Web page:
Let's be honest, learning standards are not the most engaging reading material in the world. But, because these standards often represent the essential blueprint of instruction, they are a necessary piece of the overall learning ecosystem.
Following that logic, it's probably important that we can read and interpret the standards, right?
Now don't roll your eyes all at once! The answer is obviously "yes", and that's why I wanted to put this quick blog post together. The Common Core math standards are written in a unique format and interpreting the new standards correctly goes a long way toward understanding the required topics, skills, and concepts.
The Common Core Math Standard breakdown
First, let's take a look at one of these new math standards. Below, you will see a breakdown for standard CCSS.Math.Content.3.NBT.A.1:
After looking at that image, you may find yourself asking, "What is a Domain?" or "What is a Cluster?" If so, fear not. This blog post is just for you!
Read below the break to see a step-by-step breakdown of the Common Core math standard and to learn why it is important to have a solid understanding of each element!
For simplicity's sake, let's start with the most granular piece, the individual standard, and work our way "up". In CCSS notation, the individual standard is represented by a number at the end of the decimal string. In our example, you'll notice that the individual standard is denoted by the "1" at the end of CCSS.Math.Content.3.NBT.A.1.
The individual math standard serves as the basic unit of the Common Core math standards. Per the Common Core folks, each standard outlines one specific skill/concept that a student needs to know how to perform in order to be "college and career ready". The individual standard's grade level is identified by finding the number that follows "CCSS.Math.Content". In essence, our example standard says that the student should be able to "Use place value understanding to round whole numbers to the nearest 10 or 100" by the end of third grade.
The individual math standards range from kindergarten to high school math and most of them are related to each other or build on top of each other (as math tends to be an interrelated subject). With that being said, the framers of the Common Core State Standards make a strong point to note that the standards are not a pacing guide, and the teacher still maintains flexibility over when and how the standards are taught within the curriculum.
As you know, there are many individual math standards in the Common Core. That's where clusters come in!
Individual standards that are closely related to one another are organized into a cluster and headed by a shared explanatory phrase. In notation, the cluster is represented by a letter in the second-to-last place in the decimal string. For example, the cluster of CCSS.Math.Content.3.NBT.A.1, is represented by "A".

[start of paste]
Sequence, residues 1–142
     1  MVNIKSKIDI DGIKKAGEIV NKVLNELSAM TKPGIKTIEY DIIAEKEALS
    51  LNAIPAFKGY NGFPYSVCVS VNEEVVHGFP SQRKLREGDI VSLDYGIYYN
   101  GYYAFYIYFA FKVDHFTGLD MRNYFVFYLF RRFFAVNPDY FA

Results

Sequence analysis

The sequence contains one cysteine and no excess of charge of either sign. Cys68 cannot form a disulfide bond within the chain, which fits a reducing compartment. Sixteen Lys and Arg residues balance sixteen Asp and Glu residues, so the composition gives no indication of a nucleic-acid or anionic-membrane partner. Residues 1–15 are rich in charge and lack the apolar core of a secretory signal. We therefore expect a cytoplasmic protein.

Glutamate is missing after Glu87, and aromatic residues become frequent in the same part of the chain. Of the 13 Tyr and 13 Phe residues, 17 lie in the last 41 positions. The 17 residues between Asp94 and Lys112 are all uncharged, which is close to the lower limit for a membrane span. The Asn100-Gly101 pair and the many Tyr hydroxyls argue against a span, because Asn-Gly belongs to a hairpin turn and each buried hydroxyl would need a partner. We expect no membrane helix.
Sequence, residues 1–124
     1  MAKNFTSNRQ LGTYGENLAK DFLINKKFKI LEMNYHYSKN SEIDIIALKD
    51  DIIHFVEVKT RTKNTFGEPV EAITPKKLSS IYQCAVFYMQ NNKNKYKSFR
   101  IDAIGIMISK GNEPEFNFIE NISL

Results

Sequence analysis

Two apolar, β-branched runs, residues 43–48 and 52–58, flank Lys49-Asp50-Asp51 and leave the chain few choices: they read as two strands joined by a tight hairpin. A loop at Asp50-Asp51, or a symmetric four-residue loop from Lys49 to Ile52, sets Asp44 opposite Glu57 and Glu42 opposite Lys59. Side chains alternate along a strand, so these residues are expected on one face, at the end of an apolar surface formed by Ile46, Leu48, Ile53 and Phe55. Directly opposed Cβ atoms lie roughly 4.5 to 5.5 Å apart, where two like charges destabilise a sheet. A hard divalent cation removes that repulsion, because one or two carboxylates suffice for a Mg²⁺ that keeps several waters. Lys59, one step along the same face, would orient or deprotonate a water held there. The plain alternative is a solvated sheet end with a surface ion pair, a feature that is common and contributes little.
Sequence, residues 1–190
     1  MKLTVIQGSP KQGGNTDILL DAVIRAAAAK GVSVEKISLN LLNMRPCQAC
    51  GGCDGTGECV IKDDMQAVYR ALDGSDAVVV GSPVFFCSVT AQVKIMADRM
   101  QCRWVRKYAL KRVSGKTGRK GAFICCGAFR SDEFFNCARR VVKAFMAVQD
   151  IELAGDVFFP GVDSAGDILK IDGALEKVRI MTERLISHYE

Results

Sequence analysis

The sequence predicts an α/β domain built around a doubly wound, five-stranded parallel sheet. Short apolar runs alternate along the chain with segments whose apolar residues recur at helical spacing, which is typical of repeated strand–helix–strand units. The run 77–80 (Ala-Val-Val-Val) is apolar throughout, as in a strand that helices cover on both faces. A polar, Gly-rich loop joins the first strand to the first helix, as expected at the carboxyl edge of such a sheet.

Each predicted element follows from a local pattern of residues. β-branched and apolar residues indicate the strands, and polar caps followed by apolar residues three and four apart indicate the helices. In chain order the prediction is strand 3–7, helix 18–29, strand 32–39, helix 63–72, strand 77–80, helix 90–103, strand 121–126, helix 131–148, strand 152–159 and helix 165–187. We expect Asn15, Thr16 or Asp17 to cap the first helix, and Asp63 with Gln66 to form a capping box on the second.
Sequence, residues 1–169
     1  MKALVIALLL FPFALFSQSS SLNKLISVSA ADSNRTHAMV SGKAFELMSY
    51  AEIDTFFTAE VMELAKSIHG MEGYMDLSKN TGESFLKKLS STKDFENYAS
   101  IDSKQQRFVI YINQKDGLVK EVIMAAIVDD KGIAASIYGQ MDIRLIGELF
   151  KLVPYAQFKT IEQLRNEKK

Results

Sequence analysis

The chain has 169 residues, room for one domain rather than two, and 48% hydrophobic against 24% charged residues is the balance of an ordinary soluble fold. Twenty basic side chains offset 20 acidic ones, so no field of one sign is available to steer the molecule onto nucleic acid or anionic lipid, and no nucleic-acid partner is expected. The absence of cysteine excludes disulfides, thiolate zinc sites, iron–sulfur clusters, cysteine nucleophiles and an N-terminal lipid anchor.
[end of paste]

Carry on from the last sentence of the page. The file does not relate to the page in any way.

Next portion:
In the case of CCSS.Math.Content.3.NBT.A.1, the explanatory phrase is “Use place value understanding and properties of operations to perform multi-digit arithmetic”. As you'll notice, there are two additional individual standards that fall under our example cluster that share the cluster notation of "A":
In this instance, the three individual standards serve as the scaffolding skills/concepts needed for students to be able to meet the cluster's learning goal.
Be advised, clusters are grade level-specific (i.e. CCSS.Math.Content.3.NBT.A is only found in the Grade 3 standards). However, a similar cluster may be found in the next grade level(s), and the similar cluster often builds on what was learned in the previous grade.
Finally, the standard clusters are placed into an overarching domain. The domain helps organize standards across different grade levels into concept "buckets".
The domain of an individual standard/cluster is denoted by the grade level and a series of abbreviations. In our example standard, the domain of CCSS.Math.Content.3.NBT.A is "3.NBT", which stands for the grouping of "Number & Operations in Base Ten" standards in Grade 3.
If you go to the CCSS's domain page for “Numbers and Operations in Base Ten”, you'll notice that the same domain stretches from Kindergarten to Grade 5. The key is to take note of what number (or letter, in the case of the Kindergarten standards) exists before the domain abbreviation.
There are 11 total domains in the whole of the Common Core math standards. These domains include (followed by their abbreviations):
- Counting & Cardinality (CC)
- Operations & Algebraic Thinking (OA)
- Number & Operations in Base Ten (NBT)
- Number & Operations - Fractions (NF)
- Measurement & Data (MD)
- Geometry (G)
- Ratios & Proportional Relationships (RP)
- The Number System (NS)
- Expressions & Equations (EE)
- Functions (F)
- Statistics and Probability (SP)
More Common Core Math Resources from Wowzers
I hope this breakdown of the Common Core math standards was helpful and useful! If you'd like to learn more about the Common Core standards, be sure to check out the rest of the helpful CCSS math posts found on the Wowzers Blog.
- Want to see how the Wowzers Online Math content can help you integrate the Common Core math standards into your curriculum and lesson plans? Be sure to check out this quick 35-second video for more info!